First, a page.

Peter’s Retro Movie Review: Cujo (1983)

October 12, 2012

Cujo (1983) posterby Peter Nielsen

Welcome back ladies and gentlemen! I hope you’re having a good time on this year’s edition of October Spooky Flix Fest and that you’ve enjoyed our shenanigans so far. Be assured that we have much more in store for you in the weeks to come. We have, for inst… I’m sorry? What’s that? Oh… my movie-pick for this week? But of course! Please be seated and let me tell you! But huddle up close together now, because this is a scary one…

The movie Cujo opens with ominous music playing over the title-screen, but when a cute little bunny appears the music changes. As the bunny is hopping around in a grassy field we hear a happy tune play, but oh my… what’s this? A large St. Bernard suddenly steps into frame. It starts chasing the bunny and the scene feels almost like it’s lifted from one of those lovely Disney family-matinees playing in the theaters on Saturday and Sunday afternoons. Even though the dog is chasing the bunny, it never feels menacing in any way.

Cujo is ever present!

Cujo is ever present!

It all feels very playful and innocent. It’s actually very typical Stephen King stuff of this era. He sets everything up as being idyllic and peaceful and then destroys it utterly and all hell breaks loose. The moment it happens in Cujo is when the bunny escapes down into a hole and the St. Bernard sticks its head down there to catch it.

The dog, Cujo, wakes up a couple of bats with his barking and he ends up getting bit by them and we as an audience know that things are kind of going to go downhill from here…

We now meet the Trentons, Donna and Vic, and their son Tad. They are played by Dee Wallace-Stone (ET: The Extra Terrestrial, The Howling, Secret Admirer) and Daniel Hugh Kelly (The Good Son, Nowhere to Run). The son, Tad, is played exceptionally well by Danny Pintauro in his debut role. He later went on to the hit TV-show Who’s the Boss?

And when I say exceptionally well… I mean exceptionally well, because he is great here. Just look at the scenes in the car when he and his mom are attacked… either they terrorized the crap out of this kid or he is a natural. (I’m opting for the latter) The performances by him and Dee Wallace-Stone are mind-blowing, but I’m getting ahead of myself here.

Desperately in need of help...

Desperately in need of help…

The Trentons are an ordinary couple who’ve come to the point where everything seems to be idling along on routine. Vic is busy at work all day long and Donna is a housewife, keeping busy with Tad and the chores at home. She’s been having an affair with local handyman and friend of the family, Steve Kemp, but now wants to break it off. Kemp is played by Christopher Stone (The Howling), real life husband of Dee.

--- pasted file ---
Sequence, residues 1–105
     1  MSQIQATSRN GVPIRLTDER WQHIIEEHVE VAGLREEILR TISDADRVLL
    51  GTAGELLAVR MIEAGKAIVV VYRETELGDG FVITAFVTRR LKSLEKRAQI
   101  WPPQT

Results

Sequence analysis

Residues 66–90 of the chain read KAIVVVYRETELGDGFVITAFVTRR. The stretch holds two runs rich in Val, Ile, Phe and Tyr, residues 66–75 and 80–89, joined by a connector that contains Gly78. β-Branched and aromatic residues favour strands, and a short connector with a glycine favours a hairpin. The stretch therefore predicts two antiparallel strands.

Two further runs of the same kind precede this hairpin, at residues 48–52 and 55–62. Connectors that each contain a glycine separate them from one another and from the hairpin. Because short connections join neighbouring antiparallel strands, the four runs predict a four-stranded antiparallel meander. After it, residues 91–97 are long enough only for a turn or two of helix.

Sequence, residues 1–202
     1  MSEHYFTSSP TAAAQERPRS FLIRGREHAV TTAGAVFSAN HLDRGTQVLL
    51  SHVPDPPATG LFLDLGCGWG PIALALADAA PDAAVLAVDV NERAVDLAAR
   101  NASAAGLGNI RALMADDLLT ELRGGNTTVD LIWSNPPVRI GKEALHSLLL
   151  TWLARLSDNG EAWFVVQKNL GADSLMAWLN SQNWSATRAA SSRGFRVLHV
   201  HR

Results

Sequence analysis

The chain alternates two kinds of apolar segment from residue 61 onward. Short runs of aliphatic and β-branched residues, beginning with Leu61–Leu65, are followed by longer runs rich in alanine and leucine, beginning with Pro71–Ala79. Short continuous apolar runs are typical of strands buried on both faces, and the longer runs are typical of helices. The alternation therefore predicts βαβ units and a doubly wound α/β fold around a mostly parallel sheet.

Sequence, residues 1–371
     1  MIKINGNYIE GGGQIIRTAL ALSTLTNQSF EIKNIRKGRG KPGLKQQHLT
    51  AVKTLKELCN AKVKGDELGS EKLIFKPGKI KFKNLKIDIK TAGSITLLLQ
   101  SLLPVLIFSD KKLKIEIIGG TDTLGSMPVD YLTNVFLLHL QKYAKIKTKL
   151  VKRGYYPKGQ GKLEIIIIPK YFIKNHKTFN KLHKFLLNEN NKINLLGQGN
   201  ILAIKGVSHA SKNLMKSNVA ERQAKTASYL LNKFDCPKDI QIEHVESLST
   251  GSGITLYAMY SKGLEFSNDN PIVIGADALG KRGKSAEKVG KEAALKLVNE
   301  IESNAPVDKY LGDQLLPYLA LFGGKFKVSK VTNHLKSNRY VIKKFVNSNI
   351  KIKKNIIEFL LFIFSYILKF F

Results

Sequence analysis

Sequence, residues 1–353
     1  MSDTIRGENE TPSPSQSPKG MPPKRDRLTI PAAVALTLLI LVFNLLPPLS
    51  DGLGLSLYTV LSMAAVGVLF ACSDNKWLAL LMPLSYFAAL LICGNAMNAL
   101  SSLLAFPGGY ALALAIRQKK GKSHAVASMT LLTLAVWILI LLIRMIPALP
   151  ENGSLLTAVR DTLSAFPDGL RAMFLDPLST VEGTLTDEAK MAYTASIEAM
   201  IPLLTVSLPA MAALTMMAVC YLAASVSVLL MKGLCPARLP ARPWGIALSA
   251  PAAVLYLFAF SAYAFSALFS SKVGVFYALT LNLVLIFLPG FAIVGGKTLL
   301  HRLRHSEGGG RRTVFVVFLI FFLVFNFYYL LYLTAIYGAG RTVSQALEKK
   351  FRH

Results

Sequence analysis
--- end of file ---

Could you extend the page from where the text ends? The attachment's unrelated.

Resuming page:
Unfortunately Vic finds out about this and decides to go away on a business-trip for a couple of days to think things over. Donna basically just wants her life back! She feels bad about what she’s done, but desperately wants to keep her family together.

I have to praise the actors again because they really are good. The way they act is very natural, which makes the characters feel more real and believable, which in turn makes the story work better. Praise must of course also go to Stephen King, who wrote the damn thing in the first place, and to the director Lewis Teague (Alligator, The Jewel of the Nile) who did a great job with it!

Canned food!

Canned food!

And now I can hear you ask: “But what about Cujo? What happened to him?” Well… Cujo belongs to the Cambers who live a couple of miles outside of town. The father, Joe, is a mechanic and kind of an asshole and one day his wife has finally had it, and takes their son and leaves him.

He’s actually not all that upset about it! I suppose he thinks they’ll be back, ‘cuz where else would they go? He’s played by Ed Lauter, whom I think you’ll recognize from Youngblood, Real Genius or Timerider: The Adventure of Lyle Swann.

All through this we follow Cujo around as he wanders the premises getting sicker and sicker, and angrier and angrier. The bat that bit him was rabid, and as time passes we just wait for Cujo to finally snap and attack someone. The tension is slowly building and is almost tangible at times. Donna’s car is in bad shape and she wants Joe to take a look at it, so she and Tad goes to the Camber’s place, but Joe’s not there and the place looks deserted…  and then Cujo attacks!!

NEVER mess with a pissed-off mom!

NEVER mess with a pissed-off mom!

Now I just want to make it clear that I have seen this movie before, but the first attack comes so suddenly and so viciously that I almost pissed my PJs anyway. This scene is friggin’ intense and absolutely terrifying. The dog almost tears the car apart!

And now, since the car is a wreck, they have no place to go. All they can do is stay put inside it and wait for help to arrive and the sun is slowly making the temperature unbearable. And all the time, Cujo is right outside… watching… waiting!

Cujo is one scary-ass dog and believe me, there’s nothing campy or cheesy about this movie. It is full on horror and I had actually forgotten how good it is. It’s well worth a re-visit, but if you, for some reason, haven’t seen it before… What the hell are you waiting for? Go watch it immediately! Please?

So my friends… What do you think of my second pick for October? The comment section below is where you can tell me, you know that!

I’ll return next week with another forgotten horror-gem. Until then…

Peter Nielsen Bio

Retro Movie Geek © 2015